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I'm about to update my code to use addEventListener() over just writing to the element property in javascript.

Before I do this I wanted to verify a few things.

1.) I'm assuming that I do not have to call removeEventListener(), if I update the DOM and remove the elements ( by .innerHTML write ).

2.) addEventListener is supported on the popular modern browsers - IE9, Chrome, Firefox, Safari

3.) There are no other issues that might arrise on modern browsers.

I'm asking b.c. I don't want to jump the gun in updating my code.

Notes:

property to event correlations ( remove the on ).

  • onkeypress - keypress
  • onblur -> blur
  • onfocus -> focus

Research

https://developer.mozilla.org/en/DOM/element.addEventListener ( Has compatibility Chart )

http://www.quirksmode.org/js/events_advanced.html

Related

javascript listener, "keypress" doesn't detect backspace?

Notes

  • Instead of returning false. Use preventDefault() to stop forms from submitting on enter.
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your assumptions are correct...go for it...btw, store a copy of the current file in case you aren't! –  Parth Thakkar May 17 '12 at 15:25
    
Alright....if there are any issues...I'll post them here. –  CS_2013 May 17 '12 at 15:26
    
@CS_2013 For addEventListener, it's keypress. Also, you might want to use jQuery for making things cross-browser. Under the hood it uses addEventListener if possible, can fall back to attachEvent for older IE and also normalizes your event object, so you don't have to worry about differences. –  kapa May 17 '12 at 15:48
    
@baz - I'm not targeting Pre-IE9...but good info. to know...thanks –  CS_2013 May 17 '12 at 15:56
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2 Answers

up vote 3 down vote accepted
  1. You don't have to. If you don't store references to the DOM element (in accidental global variables for example), the garbage collector should clean it up.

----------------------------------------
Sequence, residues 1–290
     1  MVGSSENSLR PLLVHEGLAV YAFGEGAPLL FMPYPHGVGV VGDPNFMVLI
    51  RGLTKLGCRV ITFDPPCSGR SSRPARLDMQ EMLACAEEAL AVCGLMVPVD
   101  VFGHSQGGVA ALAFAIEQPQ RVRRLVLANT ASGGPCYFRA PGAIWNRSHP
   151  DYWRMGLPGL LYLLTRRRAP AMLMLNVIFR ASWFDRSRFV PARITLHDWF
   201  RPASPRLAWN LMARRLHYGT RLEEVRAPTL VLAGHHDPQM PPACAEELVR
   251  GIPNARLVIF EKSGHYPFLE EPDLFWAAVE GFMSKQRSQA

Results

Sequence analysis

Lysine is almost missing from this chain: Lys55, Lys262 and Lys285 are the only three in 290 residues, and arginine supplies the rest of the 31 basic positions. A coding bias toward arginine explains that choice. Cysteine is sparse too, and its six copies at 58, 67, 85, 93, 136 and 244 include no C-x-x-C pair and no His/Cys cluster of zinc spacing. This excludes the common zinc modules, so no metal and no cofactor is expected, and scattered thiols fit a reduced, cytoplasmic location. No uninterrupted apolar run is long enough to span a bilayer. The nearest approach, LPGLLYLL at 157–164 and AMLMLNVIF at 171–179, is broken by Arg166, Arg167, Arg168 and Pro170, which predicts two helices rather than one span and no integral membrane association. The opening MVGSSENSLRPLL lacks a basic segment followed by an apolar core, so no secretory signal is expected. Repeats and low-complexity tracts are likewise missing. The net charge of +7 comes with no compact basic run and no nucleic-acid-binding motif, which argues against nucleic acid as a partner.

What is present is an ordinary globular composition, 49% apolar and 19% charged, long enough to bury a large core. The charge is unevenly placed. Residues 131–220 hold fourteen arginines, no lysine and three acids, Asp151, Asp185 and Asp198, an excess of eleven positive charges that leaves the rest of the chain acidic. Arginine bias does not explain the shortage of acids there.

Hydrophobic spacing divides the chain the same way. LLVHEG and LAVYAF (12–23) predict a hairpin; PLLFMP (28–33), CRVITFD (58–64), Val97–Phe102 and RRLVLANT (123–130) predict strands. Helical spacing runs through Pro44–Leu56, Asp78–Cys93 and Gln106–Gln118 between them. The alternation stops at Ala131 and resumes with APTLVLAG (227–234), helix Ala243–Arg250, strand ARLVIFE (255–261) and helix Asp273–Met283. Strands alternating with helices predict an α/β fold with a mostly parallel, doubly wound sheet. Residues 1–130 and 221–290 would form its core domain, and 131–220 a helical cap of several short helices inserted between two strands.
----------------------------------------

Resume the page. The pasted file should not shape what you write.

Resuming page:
2. That's the browser support. For older IEs there is attachEvent() which does almost the same.

  3. Nothing that you should worry about. This is the modern way to go.

Note: you might want to use jQuery for making things cross-browser. Under the hood it uses addEventListener if possible, can fall back to attachEvent for older IE and also normalizes your event object, so you don't have to worry about differences. It is also great for DOM manipulation and traversal.

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I don't use globals...so I'm good there. –  CS_2013 May 17 '12 at 16:26
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1) You don't need to call removeEventListener for that matter but you will need to call removeEventListener if you remove the DOM element attached to the eventListener via addEventListener, if you remove any of its children you don't need to remove anything.

2) addEventListener is supported on all major browsers

3) There are no other issues on modern browsers related to addEventListener

4) onkeypress is not the name of an event but an attribute, the event name is keypress. Same for other names on* alike

A quick code to avoid jQuery for cross-browser compatibility:

Element.prototype.on = function(evt, fn) {
if (this.addEventListener)
    this.addEventListener(evt, fn, false);
else if (this.attachEvent)
    this.attachEvent('on' + evt, fn);
};

Element.prototype.off = function(evt, fn) {
    if (this.removeEventListener)
        this.removeEventListener(evt, fn, false);
    else if (this.detachEvent)
        this.detachEvent('on' + evt, fn);
};
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nice clean code...should I support older browsers I'll include this... –  CS_2013 May 17 '12 at 16:27
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